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HR - Ch 8.docx

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Department
Business
Course
BU354
Professor
Steve Risavy
Semester
Fall

Description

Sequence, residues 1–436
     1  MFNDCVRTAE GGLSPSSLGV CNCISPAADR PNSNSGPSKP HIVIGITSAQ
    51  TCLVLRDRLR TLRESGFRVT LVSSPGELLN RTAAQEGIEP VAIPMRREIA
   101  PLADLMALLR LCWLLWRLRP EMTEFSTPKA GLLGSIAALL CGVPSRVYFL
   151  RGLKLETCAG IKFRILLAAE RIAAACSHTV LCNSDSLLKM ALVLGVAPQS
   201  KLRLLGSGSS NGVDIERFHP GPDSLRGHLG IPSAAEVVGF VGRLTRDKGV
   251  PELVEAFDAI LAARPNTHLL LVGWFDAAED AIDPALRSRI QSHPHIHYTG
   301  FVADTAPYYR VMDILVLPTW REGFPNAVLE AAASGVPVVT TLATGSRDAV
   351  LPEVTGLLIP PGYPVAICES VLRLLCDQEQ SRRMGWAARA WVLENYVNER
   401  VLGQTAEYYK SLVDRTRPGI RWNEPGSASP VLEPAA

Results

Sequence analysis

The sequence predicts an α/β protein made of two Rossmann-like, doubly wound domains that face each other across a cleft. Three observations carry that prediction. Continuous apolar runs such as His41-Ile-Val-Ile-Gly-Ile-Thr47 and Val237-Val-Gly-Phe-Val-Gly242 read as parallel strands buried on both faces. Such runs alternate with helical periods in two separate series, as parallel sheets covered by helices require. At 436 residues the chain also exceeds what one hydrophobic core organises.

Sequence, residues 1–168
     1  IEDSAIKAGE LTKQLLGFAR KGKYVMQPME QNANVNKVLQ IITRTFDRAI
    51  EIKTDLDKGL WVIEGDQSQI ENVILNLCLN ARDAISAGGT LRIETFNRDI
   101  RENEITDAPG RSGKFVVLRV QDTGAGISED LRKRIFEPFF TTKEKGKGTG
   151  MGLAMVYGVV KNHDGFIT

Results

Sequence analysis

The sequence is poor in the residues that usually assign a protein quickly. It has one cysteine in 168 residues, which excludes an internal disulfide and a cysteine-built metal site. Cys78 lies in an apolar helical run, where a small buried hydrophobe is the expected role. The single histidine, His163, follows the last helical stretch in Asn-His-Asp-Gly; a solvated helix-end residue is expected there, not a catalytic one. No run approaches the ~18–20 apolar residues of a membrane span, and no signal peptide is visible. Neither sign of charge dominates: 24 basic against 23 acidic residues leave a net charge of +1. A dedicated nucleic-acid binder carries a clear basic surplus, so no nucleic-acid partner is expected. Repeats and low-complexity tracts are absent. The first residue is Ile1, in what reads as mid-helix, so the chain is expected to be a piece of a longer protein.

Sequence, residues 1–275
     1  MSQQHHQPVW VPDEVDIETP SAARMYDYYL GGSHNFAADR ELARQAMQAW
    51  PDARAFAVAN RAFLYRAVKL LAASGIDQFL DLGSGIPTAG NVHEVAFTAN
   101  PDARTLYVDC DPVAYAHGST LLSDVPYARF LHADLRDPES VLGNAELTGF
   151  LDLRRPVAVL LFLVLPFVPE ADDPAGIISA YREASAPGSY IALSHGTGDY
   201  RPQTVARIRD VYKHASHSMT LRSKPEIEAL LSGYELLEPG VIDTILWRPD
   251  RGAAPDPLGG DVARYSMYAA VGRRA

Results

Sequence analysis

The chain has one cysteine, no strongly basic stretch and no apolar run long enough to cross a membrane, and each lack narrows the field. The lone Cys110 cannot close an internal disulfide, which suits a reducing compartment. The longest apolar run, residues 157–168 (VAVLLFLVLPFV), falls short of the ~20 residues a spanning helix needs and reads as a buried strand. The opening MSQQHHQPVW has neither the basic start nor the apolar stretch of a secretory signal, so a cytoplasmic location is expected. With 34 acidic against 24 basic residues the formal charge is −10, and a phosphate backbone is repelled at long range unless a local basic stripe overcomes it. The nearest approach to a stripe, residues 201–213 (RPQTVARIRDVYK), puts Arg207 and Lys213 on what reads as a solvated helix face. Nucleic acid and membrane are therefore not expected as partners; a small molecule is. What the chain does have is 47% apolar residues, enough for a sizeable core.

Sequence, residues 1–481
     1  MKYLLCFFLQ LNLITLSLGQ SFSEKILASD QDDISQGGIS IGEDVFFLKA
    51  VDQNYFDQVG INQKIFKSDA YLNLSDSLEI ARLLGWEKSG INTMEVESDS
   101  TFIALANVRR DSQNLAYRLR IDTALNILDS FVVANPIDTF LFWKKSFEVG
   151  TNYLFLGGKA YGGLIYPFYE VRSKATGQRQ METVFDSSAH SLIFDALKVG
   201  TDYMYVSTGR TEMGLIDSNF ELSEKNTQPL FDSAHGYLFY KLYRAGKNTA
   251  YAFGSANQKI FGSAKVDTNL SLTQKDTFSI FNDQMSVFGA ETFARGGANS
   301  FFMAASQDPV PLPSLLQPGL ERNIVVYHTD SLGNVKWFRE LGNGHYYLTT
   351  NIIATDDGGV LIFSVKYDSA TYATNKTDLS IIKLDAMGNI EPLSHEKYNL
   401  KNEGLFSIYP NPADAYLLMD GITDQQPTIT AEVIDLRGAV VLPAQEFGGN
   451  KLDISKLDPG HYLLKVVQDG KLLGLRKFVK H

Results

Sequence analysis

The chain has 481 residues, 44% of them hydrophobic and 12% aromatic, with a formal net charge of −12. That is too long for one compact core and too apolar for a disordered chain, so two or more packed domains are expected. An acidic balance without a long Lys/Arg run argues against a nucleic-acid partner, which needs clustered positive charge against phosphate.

Chapter 8: Orientation and Training  Effective orientation can lead to: reduced turnover, increased morale, fewer needs of corrective discipline, fewer employee grievances, reduce number of workplace injuries Purpose of Orientation Programs Employee Orientation (Onboarding): a procedure for providing new employees with basic background information about the firm and specific info about the job Socialization: the ongoing process of instilling in all employees the prevailing attitudes, standards, values, and patterns of behaviour that are expected by the organization. Special Orientation Situations 1. Diverse Workforce ­ If organization does not have diverse workforce, orienting employees of diverse backgrounds can be an issue 2. Mergers and Acquisitions ­ Employees hired into a newly merged company must get info about merger or acquisition 3. Union vs. Non Union Employees ­ New employees in unionized positions are given a copy of the collective agreement 4. Multi Location Organizations ­ Explain where the other locations are Problems with Orientation Programs  Too much information is provided in a short period of time, employee is overwhelmed  little or no orientation is provided  Information is too broad to be meaningful for a new employee  Information is too detailed for employee to remember Evaluation of Orientation Programs  Assessed to see if providing timely, useful information in a cost effective manner  3 approaches to evaluate: ­ Employee Reaction- ask new employees for opinion about program’s usefulness ­ Socialization Effects- how fast employees are understanding/accepting beliefs/values ­ Cost/Benefit Analysis- compare costs of orientation to the benefits (turnover reduction) Executive Integration  Executive integration must occur as an ongoing process, to learn about unspoken rules and processes  Executive integration is important is developing a productive relationship between new executive and his/her organization  Key Aspects of Integration Process Include: ­ Identifying position specifications ­ Assessing each candidate’s previous record at making organizational transitions ­ Stressing importance of listening, demonstrating competency, promoting more time talking with the boss Training  process of teaching employees the basic skills/competencies that they need to perform their jobs successfully  People have 3 main learning styles ­ Auditory:  learning through talking and listening ­ Visual:  learning through pictures and print ­ Kinaesthetic:  Tactile learning through whole body experience  To make training effective: ­ Use Meaningful material ­ Ensure that it is Easy to transfer new skills and behaviours from training site to the job site ­ Train Managers first and employees second ­ Motivate the Trainee ­ Effectively Prepare the Trainee Legal Aspects of Training  Negligent Training: ­ occurs when an employer fails to train adequately and an employee subsequently harms a third party. ­ Also, employees who are dismissed for poor performance or safety infractions can claim that employer was negligent and that training was inadequate. The 5 Step Training Process 1. Needs Analysis 2. Instructional Design 3. Validation 4. Implementation 5. Evaluation and Follow Up STEP 1: NEEDS ANALYSIS and Objectives  Identify the specific job performance skills needed, to analyze the skills and needs of the prospective trainees, and to develop specific, measurable knowledge and performance objectives  2 techniques for identifying training needs: ­ Task Analysis: study of a job to identify the skills and competencies it requires so that an appropriate training program can be instituted (Determining needs of NEW employees) ­ Performance Analysis: Verifying that there is a performance deficiency and determining whether that deficiency should be rectified through training or through some other means, such as transferring the employee (Performance of CURRENT employees) Task Analysis: Assessing the Training Needs of New Employees  Identifying competencies and skills required to perform job related tasks  Develop the skills and knowledge required for effective performance  Job description and specification are helpful here Performance Analysis: Determining the Training Needs of Current Employees  Verifying if there is a performance deficiency and whether the deficiency is caused from lack of training or another problem (ie morale)  1. Appraise employee’s performance ­ Must compare current performance with what it should be in order to improve it  Distinguish between can’t do and won’t do – heart of performance analysis STEP 2: INSTRUCTIONAL DESIGN Traditional Training Techniques: On the Job Training  Person learning a job by actually performing it (Most Common) Apprenticeship Training  Learner study under the guidance of a master craftsperson Informal Learning  any learnin
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